Of course, it will be appreciated that the anchor structures described above may be utilized to secure physiologic sensors and/or other implantable medical devices in any area of a patient's cardiovascular system, or in some embodiments, in other bodily lumens. That is, the anchors described above may effectively secure sensors and other devices in vessels other than the pulmonary artery and its branches.

Additionally, in some embodiments, the anchors described above may be utilized to secure therapy delivery devices (e.g., drug delivery devices, stimulation electrodes) in addition to, or in lieu of, implantable physiologic sensors. In such embodiments, the therapeutic functions are not limited to any particular type and can include, for example, ultrasound or drug delivery therapy, or any other therapy capable of being administered with an implantable medical device currently known or later developed. In some embodiments, anchoring structures may be used to place a plurality of sensors, actuators, or a combination of sensors and actuators. Placement of multiple sensors and/or actuating devices throughout the body can allow for a more comprehensive therapeutic and diagnostic system, but multiple sensors and/or actuating devices are not required.

Various modifications and additions can be made to the exemplary embodiments discussed without departing from the scope of the present invention. For example, while the embodiments described above refer to particular features, the scope of this invention also includes embodiments having different combinations of features and embodiments that do not include all of the described features. Accordingly, the scope of the present invention is intended to embrace all such alternatives, modifications, and variations as fall within the scope of the claims, together with all equivalents thereof.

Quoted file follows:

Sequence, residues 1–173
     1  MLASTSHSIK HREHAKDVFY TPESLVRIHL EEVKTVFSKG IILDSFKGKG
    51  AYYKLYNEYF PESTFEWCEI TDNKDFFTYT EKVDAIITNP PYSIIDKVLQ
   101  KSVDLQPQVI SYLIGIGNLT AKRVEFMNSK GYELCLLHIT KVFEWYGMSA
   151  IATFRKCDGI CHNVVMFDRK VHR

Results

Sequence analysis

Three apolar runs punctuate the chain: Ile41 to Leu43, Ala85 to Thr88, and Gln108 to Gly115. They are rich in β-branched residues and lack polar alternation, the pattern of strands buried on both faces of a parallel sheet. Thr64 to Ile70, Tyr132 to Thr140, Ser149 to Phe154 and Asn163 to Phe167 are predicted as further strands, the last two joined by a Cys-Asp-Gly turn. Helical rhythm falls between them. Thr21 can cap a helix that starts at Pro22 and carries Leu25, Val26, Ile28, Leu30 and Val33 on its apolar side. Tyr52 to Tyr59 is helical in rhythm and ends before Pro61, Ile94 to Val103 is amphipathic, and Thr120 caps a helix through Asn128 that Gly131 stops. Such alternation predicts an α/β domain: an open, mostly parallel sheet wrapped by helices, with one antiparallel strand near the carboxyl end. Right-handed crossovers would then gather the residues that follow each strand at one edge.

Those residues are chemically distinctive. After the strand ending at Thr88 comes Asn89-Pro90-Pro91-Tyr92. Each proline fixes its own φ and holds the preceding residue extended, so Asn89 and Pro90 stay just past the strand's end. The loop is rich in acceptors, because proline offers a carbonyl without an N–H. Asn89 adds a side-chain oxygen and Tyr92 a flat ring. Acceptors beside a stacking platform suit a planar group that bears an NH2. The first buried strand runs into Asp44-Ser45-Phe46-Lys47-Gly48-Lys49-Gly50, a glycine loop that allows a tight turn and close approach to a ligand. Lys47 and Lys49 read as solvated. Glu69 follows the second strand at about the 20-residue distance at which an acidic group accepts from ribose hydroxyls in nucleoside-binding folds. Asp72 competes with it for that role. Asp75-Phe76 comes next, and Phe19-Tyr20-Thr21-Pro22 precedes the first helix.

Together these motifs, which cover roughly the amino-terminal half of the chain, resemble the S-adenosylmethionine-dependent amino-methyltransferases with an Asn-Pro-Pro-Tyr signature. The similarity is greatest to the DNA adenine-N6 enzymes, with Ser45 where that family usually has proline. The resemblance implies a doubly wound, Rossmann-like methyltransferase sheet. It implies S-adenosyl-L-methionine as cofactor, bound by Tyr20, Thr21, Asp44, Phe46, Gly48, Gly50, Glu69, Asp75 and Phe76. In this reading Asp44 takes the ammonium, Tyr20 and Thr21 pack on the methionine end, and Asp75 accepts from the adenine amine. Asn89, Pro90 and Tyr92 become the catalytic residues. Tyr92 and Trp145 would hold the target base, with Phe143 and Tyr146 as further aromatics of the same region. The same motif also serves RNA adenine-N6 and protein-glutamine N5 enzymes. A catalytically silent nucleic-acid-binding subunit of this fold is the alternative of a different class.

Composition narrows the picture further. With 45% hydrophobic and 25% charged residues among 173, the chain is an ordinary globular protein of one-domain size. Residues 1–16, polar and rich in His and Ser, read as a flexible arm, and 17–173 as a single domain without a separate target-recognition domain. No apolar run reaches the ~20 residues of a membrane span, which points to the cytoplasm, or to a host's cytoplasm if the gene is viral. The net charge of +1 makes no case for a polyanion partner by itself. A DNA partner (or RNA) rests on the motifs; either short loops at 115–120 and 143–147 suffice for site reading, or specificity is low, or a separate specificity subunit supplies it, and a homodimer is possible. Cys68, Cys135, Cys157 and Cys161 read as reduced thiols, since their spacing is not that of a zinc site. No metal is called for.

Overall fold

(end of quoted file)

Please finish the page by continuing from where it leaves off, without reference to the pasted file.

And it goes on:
Referenced by
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US8401643 *17 May 201119 Mar 2013Medtronic Vascular, Inc.Implantable medical sensor and anchoring system
US8465436 *27 Apr 201018 Jun 2013Medtronic Vascular, Inc.Endoluminal implant with locking and centering fixation system
US847537220 Apr 20112 Jul 2013Medtronic Vascular, Inc.Implantable medical sensor and fixation system
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Classifications
U.S. Classification600/486
International ClassificationA61B5/0215
Cooperative ClassificationA61N1/3962, A61B5/6885, A61B5/076, A61B2018/00279, A61N1/37288, A61B5/6882, A61N1/36564, A61B5/0215, A61B5/0031
European ClassificationA61B5/68D3D, A61B5/68D5, A61B5/00B9, A61B5/0215, A61B5/07D, A61N1/372D8S, A61N1/39M2, A61N1/365B9
Legal Events
DateCodeEventDescription
19 Oct 2007ASAssignment
Owner name: CARDIAC PACEMAKERS, INC., MINNESOTA
Free format text: ASSIGNMENT OF ASSIGNORS INTEREST;ASSIGNORS:GREENLAND, JOHN S.;D AQUANNI, PETER J.;CHIN, WILLIAM S.;AND OTHERS;REEL/FRAME:019986/0753;SIGNING DATES FROM 20070827 TO 20070913
Free format text: ASSIGNMENT OF ASSIGNORS INTEREST;ASSIGNORS:GREENLAND, JOHN S.;D AQUANNI, PETER J.;CHIN, WILLIAM S.;AND OTHERS;SIGNING DATES FROM 20070827 TO 20070913;REEL/FRAME:019986/0753